Submitted by Brianna Lennon, county clerk and election authority for Boone County, and Shane Schoeller, county clerk and election authority for Greene County.
In any other presidential election year, county clerks would be inundated with the fruits of voter registration drives across college campuses, but this year — as COVID-19 throws a wrench into the best-laid plans of 2020 — students are finding new ways to encourage others to get involved in the upcoming election. Students are registering to vote online, using social media to educate their peers and navigating the voting options available to them in Missouri. As local election authorities, we both remember well our first votes cast in a presidential election and we know how important it is that every voter has the tools they need to make their voice heard.
Registering to vote
With midterms fast approaching and Zoom meetings filling up the calendar, now is the time to check your voter registration or register to vote for the first time. The deadline for registering is Oct. 7 in Missouri so it’s important not to procrastinate. If you plan to register at your campus address, visit GoVoteMissouri.com to complete your voter registration online or check out vote.gov if you’re registered in your home state. If you choose to register at your campus address, your new registration will cancel out any previous registration in another county and gives you more options for casting your ballot in the Nov. 3 election. Not only will you have the opportunity to vote at your polling place, but you’ll also be able to vote absentee in person in your county clerk’s office if you may not be in town on Nov. 3, or if you’ve had COVID-19 or are at risk for contracting or transmitting it. The absentee voting period begins on Sept. 22.
No less important once you’re registered is being sure you exercise your right to vote. If you plan to vote in Missouri, you have three options available for casting a ballot. First, you can request an absentee ballot or a mail-in ballot and vote by mail. Absentee voting is available to eligible voters that will be out of town on Election Day, are incapacitated or confined due to illness, or have contracted COVID-19 or are at risk for contracting or transmitting it. Mail-in ballots are available to any voter that wishes to vote by mail in 2020. There are different instructions to follow for absentee and mail-in ballots, but the simplest way to apply for either is to download an application from the Secretary of State’s website at sos.mo.gov/CMSImages/ElectionGoVoteMissouri/2020FillableBallotApplication-GeneralElection.pdf and send your completed form to your local county clerk. If you choose to vote by mail-in ballot or an absentee ballot because you’ll be out of town, you’ll also need to get your ballot notarized for it to count. You can go to your county clerk’s office, local library or check out the list of available notaries at https://sos.mo.gov/elections/MailinNotary to ensure you’ve fully filled out your ballot envelope. Once complete, mail-in ballots must be returned to the clerk’s office by mail, but absentee ballots can be mailed or dropped off at the office in person by the voter or a close relative.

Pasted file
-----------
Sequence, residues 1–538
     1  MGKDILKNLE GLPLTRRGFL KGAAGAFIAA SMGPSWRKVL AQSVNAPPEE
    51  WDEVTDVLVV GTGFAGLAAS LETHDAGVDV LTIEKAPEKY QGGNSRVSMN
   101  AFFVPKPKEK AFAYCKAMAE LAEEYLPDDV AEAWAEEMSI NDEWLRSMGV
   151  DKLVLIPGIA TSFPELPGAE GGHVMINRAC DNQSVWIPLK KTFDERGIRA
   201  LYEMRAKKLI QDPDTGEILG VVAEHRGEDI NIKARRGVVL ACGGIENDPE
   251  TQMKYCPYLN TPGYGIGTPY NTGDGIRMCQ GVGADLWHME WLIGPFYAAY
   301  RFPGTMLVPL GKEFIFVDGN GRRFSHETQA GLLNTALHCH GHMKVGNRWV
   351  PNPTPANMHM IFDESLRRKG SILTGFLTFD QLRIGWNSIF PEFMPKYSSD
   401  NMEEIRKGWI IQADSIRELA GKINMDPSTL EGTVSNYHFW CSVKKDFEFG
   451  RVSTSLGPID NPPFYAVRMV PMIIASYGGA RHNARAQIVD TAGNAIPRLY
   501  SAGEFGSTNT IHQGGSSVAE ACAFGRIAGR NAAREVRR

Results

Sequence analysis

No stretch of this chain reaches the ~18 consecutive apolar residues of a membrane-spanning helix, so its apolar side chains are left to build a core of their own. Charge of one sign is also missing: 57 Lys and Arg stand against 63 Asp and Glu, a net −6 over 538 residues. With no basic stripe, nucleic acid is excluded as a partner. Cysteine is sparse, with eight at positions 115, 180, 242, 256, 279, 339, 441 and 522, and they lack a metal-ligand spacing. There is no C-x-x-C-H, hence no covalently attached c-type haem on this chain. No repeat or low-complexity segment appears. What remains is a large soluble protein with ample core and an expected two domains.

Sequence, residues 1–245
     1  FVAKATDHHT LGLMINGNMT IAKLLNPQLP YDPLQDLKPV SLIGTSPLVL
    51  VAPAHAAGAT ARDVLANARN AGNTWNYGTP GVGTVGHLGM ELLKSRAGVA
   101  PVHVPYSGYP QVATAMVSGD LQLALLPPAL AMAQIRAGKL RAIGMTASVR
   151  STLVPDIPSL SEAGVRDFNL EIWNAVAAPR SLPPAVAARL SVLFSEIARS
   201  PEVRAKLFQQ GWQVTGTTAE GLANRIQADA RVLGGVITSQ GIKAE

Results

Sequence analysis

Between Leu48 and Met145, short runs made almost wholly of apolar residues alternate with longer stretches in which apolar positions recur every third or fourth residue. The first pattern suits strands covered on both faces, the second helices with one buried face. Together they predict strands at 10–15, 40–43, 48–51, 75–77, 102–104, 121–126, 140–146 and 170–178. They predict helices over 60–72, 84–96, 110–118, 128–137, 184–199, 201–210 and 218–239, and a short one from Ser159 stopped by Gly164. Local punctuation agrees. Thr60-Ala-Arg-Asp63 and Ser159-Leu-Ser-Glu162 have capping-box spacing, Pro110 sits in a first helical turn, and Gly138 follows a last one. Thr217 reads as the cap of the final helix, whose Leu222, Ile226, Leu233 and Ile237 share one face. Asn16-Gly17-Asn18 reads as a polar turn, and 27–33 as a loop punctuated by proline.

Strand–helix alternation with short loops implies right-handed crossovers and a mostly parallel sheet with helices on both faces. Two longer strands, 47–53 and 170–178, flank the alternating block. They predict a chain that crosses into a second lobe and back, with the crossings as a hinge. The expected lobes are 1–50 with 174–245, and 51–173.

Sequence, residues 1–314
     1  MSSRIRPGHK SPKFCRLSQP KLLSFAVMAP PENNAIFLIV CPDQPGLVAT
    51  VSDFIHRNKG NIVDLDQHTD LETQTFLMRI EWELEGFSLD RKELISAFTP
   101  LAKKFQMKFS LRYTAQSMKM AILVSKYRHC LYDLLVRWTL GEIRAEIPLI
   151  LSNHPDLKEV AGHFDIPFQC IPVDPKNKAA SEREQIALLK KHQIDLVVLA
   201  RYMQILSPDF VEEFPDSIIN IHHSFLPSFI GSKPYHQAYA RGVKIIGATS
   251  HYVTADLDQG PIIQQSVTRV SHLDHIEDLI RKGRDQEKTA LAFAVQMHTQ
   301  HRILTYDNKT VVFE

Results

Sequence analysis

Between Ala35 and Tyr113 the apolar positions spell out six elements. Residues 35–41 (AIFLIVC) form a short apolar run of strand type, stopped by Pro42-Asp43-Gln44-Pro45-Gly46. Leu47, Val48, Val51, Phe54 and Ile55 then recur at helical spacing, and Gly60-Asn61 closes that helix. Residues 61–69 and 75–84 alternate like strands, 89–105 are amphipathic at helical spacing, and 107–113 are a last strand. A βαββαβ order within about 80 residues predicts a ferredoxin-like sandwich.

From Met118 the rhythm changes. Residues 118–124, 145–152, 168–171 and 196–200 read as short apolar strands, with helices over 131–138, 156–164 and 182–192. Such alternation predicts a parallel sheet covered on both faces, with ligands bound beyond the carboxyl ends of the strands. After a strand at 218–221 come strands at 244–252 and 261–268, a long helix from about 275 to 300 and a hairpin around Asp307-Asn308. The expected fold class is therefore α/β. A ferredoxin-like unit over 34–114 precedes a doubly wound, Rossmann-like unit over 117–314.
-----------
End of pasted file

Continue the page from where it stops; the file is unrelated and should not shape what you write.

A second option is to vote absentee in person in your county clerk’s office. From Sept. 22 through Nov. 2, county clerk offices are open for voters to apply in person, receive their absentee ballot and cast it the same day. If you are concerned about finding a notary, relying on the post office, or just prefer an in-person voting experience, this option will work for you.
Finally, polling places are always open on Nov. 3 so that you can vote on Election Day in person if you prefer. You can look up your polling place on the Secretary of State’s website at https://voteroutreach.sos.mo.gov/PRD/VoterOutreach/VOSearch.aspx.
We’re expecting college students — and all voters — to show up in force for the November election. We want every eligible voter to have the opportunity to cast a ballot and that means that we need to prepare for record-breaking turnout. County clerks across Missouri are recruiting election judges to staff the polls on Election Day and, as a registered voter, you can help. Election judges run our polling places, assist voters and ensure the integrity of the election itself. They are paid positions and, most importantly, they let you participate in one of the fundamental components of a democratic republic: elections administration.
However you choose to participate, we want you to know that local election authorities are here to answer any and all questions that you have. In an era of seemingly unparalleled disagreement between Democrats and Republicans, as election authorities from both parties, we have and will continue to work together to protect your right to vote. We encourage you to reach out to your local county clerk or elections board to learn what’s on your ballot, sign up to be a poll worker, explore your options for exercising your right to vote this fall and be sure to include #Vote2020 in all your social media posts between now and November.